How India inspired American feminists
In the 1960s and 1970s, African Americans also looked to India as they campaigned against racial segregation. While civil rights leader Martin Luther King, Jr. famously made Gandhian civil disobedience central to his work, India provided additional forms of inspiration to African-American women.
As an American historian living in India, I have been struck by the frequency with which India and Indian women appear in the history of the feminist movement in the US. Some people might be familiar with the ways in which the history of women’s rights in India garnered negative international attention: the anti-sati campaigns of 19th-century Britain; Christian missionaries’ lurid descriptions of female infanticide; and the American Katherine Mayo’s portrayal of child marriage in the inflammatory 1927 book Mother India. Yet history is also full of moments when American women looked to India for inspiration. As the US takes all of March to observe Women’s History Month, I’ve been reflecting on the ways in which India has changed feminism in America for the better.
In the 19th century, the first wave of American feminists campaigned for the right to vote, agitated for placements in universities, and confronted numerous obstacles to employment. While American women began entering medical colleges in small numbers – the first graduating in 1849 – they faced significant challenges to practising medicine. Given these difficulties, it is all the more remarkable that two Indian women, Anandibai Joshee and Gurubai Karmarkar, successfully trained as doctors in the US in the 1880s and 1890s – a good 25 years before the founding of the first American medical association for female physicians. In the American biography that appeared after her death, Joshee was asked, “If not yourself, whom would you like to be?” Setting an example for women everywhere, she responded, “No one.”
Women in the US finally gained the right to vote in 1920, but they continued to struggle for autonomy in childbirth and family planning. In 1935, Margaret Sanger, pioneer of the American birth control movement, travelled to India to attend the All India Woman’s Conference to discuss overpopulation. Of the conference, Sanger wrote, it “will remain one of the outstanding inspirations of my life… I found among these women an outspoken directness of opinion, a fearlessness in facing issues as they are, that we in America would do well to follow.” In 1952, Sanger returned to India to witness the founding of the International Planned Parenthood Federation – which is still active today – under its first leader, Avabai Wadia, a leading campaigner for reproductive rights in India.
Five years after the federation’s founding, 22-year-old Gloria Steinem – who would become one of the US’ most outspoken feminist leaders – came to India on a student fellowship. During her two years here, she walked from village to village with the followers of non-violence advocate Vinoba Bhave, studied Gandhian activism, and befriended feminist economist Devaki Jain. After returning home, Steinem used what she had learned to bolster the early women’s liberation movement. She later reflected that in “My becoming an itinerant feminist organiser was just a Western version of walking in villages.” Steinem came to India again in the 1970s so that she and Jain could incorporate non-violent resistance into the women’s movement.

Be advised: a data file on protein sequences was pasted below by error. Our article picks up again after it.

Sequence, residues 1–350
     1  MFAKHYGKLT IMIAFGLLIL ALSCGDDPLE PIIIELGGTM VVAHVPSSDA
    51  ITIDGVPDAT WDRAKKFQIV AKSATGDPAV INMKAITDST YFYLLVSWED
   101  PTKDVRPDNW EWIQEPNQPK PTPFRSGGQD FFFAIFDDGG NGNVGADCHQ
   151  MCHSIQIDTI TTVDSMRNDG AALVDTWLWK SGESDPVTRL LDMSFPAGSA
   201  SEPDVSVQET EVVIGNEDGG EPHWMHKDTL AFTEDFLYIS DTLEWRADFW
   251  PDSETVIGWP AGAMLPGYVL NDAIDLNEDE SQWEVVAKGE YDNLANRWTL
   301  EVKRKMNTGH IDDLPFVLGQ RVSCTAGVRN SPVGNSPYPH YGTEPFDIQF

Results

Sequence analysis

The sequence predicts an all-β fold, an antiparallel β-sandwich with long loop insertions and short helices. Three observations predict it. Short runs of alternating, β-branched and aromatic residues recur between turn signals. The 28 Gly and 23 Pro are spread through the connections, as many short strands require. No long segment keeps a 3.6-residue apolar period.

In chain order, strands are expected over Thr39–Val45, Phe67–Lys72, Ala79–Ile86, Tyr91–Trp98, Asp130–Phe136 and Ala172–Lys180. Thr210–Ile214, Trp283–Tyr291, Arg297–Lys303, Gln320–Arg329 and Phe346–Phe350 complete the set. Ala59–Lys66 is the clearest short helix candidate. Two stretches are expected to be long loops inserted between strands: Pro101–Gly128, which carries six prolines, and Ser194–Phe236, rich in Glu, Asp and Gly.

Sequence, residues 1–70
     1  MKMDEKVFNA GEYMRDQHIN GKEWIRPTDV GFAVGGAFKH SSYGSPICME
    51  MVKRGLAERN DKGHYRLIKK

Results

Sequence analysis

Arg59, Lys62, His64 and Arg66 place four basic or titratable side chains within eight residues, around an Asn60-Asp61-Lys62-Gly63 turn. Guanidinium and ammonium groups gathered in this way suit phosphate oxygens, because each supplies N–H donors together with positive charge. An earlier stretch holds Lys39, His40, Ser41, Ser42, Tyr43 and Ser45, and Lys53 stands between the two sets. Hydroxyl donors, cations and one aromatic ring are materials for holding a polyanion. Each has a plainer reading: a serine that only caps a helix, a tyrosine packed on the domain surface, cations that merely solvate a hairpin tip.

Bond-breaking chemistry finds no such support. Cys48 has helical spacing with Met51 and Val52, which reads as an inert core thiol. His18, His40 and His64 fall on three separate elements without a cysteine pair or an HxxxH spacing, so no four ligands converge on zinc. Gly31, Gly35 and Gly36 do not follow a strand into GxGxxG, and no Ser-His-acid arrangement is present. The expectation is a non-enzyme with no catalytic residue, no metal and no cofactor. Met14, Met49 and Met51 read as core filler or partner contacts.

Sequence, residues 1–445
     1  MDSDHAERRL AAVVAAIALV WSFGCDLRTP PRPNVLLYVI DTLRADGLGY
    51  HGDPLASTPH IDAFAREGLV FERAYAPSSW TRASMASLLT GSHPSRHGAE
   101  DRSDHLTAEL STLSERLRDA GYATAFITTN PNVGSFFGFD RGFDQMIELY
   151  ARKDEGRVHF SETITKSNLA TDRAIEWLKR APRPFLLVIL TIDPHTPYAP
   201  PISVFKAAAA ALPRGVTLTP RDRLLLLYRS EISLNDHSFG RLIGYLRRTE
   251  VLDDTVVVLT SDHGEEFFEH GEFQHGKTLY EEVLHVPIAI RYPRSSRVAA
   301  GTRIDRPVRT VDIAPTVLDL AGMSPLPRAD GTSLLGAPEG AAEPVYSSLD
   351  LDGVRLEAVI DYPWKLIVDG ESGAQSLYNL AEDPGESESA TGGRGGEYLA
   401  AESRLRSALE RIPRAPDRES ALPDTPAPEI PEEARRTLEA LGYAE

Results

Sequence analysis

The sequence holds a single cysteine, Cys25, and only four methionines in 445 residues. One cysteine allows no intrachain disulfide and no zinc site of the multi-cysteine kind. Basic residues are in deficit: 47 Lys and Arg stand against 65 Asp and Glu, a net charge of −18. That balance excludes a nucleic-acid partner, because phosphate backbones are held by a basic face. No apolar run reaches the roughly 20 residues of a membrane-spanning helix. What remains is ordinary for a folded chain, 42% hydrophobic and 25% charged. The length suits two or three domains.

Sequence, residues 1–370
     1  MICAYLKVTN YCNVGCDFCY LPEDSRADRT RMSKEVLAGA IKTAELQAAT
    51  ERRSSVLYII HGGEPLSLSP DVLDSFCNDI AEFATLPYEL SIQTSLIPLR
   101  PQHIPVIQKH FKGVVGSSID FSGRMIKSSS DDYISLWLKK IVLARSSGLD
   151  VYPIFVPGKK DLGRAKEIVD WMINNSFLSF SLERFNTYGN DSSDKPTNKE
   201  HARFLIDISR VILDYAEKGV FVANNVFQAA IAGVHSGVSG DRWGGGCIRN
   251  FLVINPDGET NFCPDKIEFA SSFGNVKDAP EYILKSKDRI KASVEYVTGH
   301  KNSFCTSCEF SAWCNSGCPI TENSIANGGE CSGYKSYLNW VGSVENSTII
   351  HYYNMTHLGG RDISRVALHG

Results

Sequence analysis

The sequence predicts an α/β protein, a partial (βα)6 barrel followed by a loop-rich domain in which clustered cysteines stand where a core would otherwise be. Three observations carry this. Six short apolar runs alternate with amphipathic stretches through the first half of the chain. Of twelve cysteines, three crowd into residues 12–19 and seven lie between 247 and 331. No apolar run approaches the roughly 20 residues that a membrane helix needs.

In the 1960s and 1970s, African Americans also looked to India as they campaigned against racial segregation. While civil rights leader Martin Luther King, Jr. famously made Gandhian civil disobedience central to his work, India provided additional forms of inspiration to African-American women. Angela Davis, a radical black feminist and civil rights activist, saw a natural solidarity between African Americans and Dalits in their mutual struggle to fight against subjugation. While Davis acknowledged the real differences between caste and race, she also understood that Dalit women had to combat gender discrimination on top of other forms of oppression – not unlike African American women’s longstanding struggles against both racial and sexual discrimination. Moreover, Dalit women continued to galvanise Americans: after conducting their month-long Self-Respect March through India in 2014, Dalit women took their activism abroad, conducting a wave of marches in the US and uniting with Americans in their fight against violence towards women.
These marchers were onto something. Since the defeat of Hillary Clinton in the 2016 US presidential election, women’s marches in the United States have gained ever more attention. As Americans continue to grapple with the issue of women’s political participation – and question when the US might be ready for its first female president – perhaps they will again turn to Indian women for inspiration. India adopted female suffrage upon Independence, soon saw women ascend to national office, and developed a system to bolster women’s representation in local politics.
Women in India continue to face significant challenges, including sexual violence and harassment, workforce discrimination, and a pervasive societal preference for boys. In the face of these challenges, however, Indian women have also provided inspiration for the global feminist movement. As activists in both India and the US continue to fight for the rights of women and girls, it is worth remembering how much we have already learned from one another.
Cassandra N Berman is a visiting fellow at Harvard University and a PhD candidate in History at Brandeis University
The views expressed are personal